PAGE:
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  1. #1
    Senior Member developer's Avatar
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    Default Heroes, Villains, and MBTI

    Something that I have been curious about for a long time is that in movies and books (like in real life) every MBTI type can be portrayed as a hero, but just as well as a vilain.

    A good example are INTJs who often are used as the quintessential villain character, but just as well may represent the smart hero (esp. in crime novels and movies). A particularly striking example may be "Silence of the Lambs" where both the villain (Lecter) and the hero (Starling) are usually typed as INTJ.

    As far as I can tell, this is true for all other types as well.

    Now, on a very superficial level, this is a no - brainer: "... there are good and people everywhere...". If you think more about it, it is surprising, though: if MBTI captures (to a certain point , at least) the essence of a person's psychological structure, how can it be that something so central as morality does not find its way into the system ?

    Any thoughts ?

  2. #2
    To the top of the world arcticangel02's Avatar
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    There are certainly some types who are less likely to be 'criminals', i.e. the ESxJ types especially have quite a powerful sense of 'right' and 'wrong', and value lawfulness. So you're not really going to find them as the typical hollywood villain.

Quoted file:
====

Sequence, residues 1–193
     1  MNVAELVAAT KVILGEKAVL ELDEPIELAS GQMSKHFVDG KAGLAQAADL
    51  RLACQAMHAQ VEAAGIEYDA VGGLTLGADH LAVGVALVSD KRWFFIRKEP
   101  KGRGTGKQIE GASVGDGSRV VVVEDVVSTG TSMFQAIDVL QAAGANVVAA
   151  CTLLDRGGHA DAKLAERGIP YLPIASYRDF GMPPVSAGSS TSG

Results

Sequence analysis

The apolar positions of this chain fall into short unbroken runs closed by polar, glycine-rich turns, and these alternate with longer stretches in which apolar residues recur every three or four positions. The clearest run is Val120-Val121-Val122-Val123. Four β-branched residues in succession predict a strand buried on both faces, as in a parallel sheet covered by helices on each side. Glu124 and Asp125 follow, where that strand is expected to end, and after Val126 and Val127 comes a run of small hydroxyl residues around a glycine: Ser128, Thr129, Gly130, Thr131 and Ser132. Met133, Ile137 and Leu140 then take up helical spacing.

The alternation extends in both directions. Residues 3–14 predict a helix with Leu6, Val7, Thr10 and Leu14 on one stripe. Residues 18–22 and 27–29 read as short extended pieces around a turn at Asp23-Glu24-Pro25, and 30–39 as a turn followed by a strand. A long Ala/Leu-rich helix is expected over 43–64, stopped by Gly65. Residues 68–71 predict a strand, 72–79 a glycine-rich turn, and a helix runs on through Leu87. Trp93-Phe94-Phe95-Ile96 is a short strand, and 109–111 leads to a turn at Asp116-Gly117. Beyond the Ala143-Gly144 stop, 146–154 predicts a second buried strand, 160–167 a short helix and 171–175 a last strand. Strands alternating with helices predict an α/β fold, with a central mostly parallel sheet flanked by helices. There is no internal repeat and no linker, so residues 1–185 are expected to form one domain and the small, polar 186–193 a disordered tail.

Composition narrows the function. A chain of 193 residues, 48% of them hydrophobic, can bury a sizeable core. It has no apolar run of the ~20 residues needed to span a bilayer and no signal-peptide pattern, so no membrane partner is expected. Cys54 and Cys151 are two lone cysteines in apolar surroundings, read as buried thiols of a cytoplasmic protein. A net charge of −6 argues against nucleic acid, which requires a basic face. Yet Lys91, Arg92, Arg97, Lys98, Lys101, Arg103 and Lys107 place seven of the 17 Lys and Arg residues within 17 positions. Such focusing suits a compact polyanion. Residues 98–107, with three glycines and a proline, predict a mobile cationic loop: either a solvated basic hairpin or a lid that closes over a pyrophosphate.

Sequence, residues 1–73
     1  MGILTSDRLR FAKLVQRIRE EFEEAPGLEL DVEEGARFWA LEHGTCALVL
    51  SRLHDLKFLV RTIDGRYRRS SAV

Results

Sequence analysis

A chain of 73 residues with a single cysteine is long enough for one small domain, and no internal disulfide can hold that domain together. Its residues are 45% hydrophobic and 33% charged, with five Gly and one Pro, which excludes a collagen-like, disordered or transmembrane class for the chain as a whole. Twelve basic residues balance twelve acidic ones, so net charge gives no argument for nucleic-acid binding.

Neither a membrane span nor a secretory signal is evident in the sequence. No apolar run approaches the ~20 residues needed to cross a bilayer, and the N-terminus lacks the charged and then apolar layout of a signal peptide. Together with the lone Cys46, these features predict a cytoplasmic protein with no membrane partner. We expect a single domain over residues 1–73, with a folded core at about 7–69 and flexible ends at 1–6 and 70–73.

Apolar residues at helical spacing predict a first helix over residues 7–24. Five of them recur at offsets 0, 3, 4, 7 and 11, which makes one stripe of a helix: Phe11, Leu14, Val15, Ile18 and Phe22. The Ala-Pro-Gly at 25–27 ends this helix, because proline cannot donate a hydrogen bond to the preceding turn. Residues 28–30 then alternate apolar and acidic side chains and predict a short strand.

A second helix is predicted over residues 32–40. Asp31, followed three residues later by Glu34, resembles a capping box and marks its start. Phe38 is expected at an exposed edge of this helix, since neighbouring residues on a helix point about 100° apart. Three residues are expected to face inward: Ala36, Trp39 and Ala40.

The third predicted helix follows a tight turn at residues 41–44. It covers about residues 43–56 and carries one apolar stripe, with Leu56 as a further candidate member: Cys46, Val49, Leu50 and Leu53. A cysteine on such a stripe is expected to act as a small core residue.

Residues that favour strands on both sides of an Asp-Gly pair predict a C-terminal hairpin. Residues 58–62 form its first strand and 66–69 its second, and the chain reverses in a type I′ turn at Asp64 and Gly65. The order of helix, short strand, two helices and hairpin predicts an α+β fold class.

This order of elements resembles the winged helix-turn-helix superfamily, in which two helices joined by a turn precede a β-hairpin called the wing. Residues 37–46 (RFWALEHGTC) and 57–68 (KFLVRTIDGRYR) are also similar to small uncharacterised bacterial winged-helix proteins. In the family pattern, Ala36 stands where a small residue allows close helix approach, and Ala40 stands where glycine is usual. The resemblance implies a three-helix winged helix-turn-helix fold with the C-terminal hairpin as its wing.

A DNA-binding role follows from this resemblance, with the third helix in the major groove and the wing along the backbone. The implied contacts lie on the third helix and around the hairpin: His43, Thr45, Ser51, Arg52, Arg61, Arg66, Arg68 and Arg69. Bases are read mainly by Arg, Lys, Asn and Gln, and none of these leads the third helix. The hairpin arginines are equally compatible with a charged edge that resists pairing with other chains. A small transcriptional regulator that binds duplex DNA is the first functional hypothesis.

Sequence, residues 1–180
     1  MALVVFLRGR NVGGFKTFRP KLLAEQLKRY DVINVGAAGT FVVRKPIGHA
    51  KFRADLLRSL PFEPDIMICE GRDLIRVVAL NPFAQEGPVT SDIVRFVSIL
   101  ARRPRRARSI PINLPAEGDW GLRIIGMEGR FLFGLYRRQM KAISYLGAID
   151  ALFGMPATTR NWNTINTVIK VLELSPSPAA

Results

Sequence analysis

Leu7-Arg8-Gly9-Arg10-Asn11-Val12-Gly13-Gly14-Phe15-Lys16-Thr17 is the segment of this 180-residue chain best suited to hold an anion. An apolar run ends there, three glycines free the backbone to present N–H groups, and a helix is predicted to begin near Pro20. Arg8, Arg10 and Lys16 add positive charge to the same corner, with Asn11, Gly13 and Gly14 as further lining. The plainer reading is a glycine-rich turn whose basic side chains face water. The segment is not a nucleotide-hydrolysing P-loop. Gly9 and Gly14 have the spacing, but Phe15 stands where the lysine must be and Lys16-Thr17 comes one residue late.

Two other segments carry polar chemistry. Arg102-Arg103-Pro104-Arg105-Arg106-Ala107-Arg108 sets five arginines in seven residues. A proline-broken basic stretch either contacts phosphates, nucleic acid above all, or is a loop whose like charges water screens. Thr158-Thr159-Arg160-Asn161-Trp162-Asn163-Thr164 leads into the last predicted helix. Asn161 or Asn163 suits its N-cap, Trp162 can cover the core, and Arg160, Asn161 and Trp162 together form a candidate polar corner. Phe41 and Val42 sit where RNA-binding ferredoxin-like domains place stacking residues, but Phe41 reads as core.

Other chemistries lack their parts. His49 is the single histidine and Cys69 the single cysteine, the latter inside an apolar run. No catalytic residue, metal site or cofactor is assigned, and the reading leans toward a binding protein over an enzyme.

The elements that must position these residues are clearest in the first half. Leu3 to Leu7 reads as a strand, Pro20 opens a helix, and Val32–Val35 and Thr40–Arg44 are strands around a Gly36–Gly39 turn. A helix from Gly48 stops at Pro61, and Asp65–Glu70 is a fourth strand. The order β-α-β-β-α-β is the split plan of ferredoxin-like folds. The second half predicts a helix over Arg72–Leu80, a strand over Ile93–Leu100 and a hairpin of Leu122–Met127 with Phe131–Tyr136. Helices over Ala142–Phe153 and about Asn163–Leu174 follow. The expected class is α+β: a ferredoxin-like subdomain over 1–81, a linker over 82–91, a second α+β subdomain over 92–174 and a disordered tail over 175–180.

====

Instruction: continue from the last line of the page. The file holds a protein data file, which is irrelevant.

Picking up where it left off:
But I think it's oversimplifying it. Any type can be good, any type can be bad, but 'villain' I think implies too much the hollywood/movie stereotype. Which, when it comes down to it, is quite a narrow band of personalities.

    So, my question is, developer, how do you define 'villain'?
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  3. #3
    Rats off to ya! Mort Belfry's Avatar
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    Quote Originally Posted by developer View Post
    how can it be that something so central as morality does not find its way into the system ?
    Because morailty is subjective. Our own personal morality is created by our dominant functions and most people think they are good people and a lot of people think the people they're not are evil.

    Hannibal Lecter's an interesting point, I've always wondered if there's a serial killer for every mbti type. I'd be surpirsed if there wasn't.
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  4. #4

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    Of course when we put heroes and villains on screen they become incredibly stereotyped. Please keep that in mind as I relate the following half-baked opinion (It is nothing more than a musing, not something I believe).


    I think xNTJs make the coolest classical villains because they conjure up adversaries that are difficult to beat. You can have them display both startling foresight, and iron will over their environment without suspending disbelief too much.